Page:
How do I get to Carnegie Hall?
Practice, practice, practice!
It’s a joke that’s older than my grandmother, but the point is timeless. In order to accomplish anything, learn something new, become “good” at a job– we must practice the skills required for that task. A research study recently showed that it takes 10,000 hours of practice for a musician to be capable enough to play with a world-class orchestra. And the same is probably true for any other endeavor in life. Nobody gets to the top without lots of effort, hard work, perseverance, and practice.
Notice I didn’t say ‘perfection’.
And yet so many of us get hung up on seeking perfection! “I tried that once and wasn’t any good at it, so why should I keep trying?” Did Julia Child learn to cook overnight? It took Edison several thousand attempts before creating a working light bulb. Has Microsoft ever released a glitch-free version of Windows? What’s notable about these people (and many countless others) is that they continue trying and honing their crafts. They don’t give up when their first (or second or tenth) attempt fails. They hold out hope that the next time they’ll get it right– the souffle won’t fall, the bulb will light, Windows won’t crash.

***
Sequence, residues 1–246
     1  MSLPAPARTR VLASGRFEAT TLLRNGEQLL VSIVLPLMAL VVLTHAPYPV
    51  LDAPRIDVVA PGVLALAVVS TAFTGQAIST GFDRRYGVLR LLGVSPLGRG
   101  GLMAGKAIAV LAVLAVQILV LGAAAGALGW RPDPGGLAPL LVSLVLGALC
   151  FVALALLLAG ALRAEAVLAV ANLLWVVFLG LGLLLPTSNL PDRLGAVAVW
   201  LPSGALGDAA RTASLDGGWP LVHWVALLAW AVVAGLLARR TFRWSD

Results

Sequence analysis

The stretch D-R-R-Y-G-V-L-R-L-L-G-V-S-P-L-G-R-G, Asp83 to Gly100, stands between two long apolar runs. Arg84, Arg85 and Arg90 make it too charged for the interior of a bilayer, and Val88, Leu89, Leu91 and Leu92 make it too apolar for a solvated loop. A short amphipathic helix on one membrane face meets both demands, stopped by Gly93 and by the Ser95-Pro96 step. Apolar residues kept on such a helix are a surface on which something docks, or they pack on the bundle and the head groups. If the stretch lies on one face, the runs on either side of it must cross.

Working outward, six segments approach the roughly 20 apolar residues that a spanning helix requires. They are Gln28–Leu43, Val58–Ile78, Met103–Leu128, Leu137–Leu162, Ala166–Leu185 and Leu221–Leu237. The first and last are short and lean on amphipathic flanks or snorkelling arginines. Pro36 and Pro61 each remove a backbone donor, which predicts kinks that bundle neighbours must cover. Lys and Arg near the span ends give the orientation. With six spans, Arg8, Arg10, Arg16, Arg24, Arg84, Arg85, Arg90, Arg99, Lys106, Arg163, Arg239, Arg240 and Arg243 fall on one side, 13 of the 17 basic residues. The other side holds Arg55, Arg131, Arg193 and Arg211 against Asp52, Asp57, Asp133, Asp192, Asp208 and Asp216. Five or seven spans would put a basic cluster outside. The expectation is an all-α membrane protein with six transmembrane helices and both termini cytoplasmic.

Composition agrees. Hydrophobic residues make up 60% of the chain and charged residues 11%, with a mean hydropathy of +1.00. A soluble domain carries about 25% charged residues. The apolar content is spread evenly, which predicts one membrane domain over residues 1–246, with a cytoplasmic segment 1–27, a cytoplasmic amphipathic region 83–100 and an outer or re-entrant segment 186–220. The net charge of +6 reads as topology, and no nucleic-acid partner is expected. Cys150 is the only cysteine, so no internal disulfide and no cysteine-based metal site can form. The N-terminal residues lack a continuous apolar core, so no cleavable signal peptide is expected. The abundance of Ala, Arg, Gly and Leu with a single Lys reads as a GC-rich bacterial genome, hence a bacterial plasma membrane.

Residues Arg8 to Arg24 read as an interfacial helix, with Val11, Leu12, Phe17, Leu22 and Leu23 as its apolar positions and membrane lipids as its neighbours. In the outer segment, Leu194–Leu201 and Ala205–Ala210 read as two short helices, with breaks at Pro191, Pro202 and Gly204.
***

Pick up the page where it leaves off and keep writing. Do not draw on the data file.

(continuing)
Other research has shown that the more frequently we try new things, the more capacity we have for learning new skills faster. So check out that yummy sounding recipe from your favorite cooking website. (If it bombs, you can always order pizza!) Sign up for the new exercise class at the gym. Even taking a different route home from work counts as something “new.” So lower your expectations for perfection, and give yourself credit for making the attempt. Think of it as the first step on your way to Carnegie Hall.
If you’re curious about how music therapy might help, contact me anytime. I’m always happy to answer questions! You can also check out my short video on breaking out of negativity here.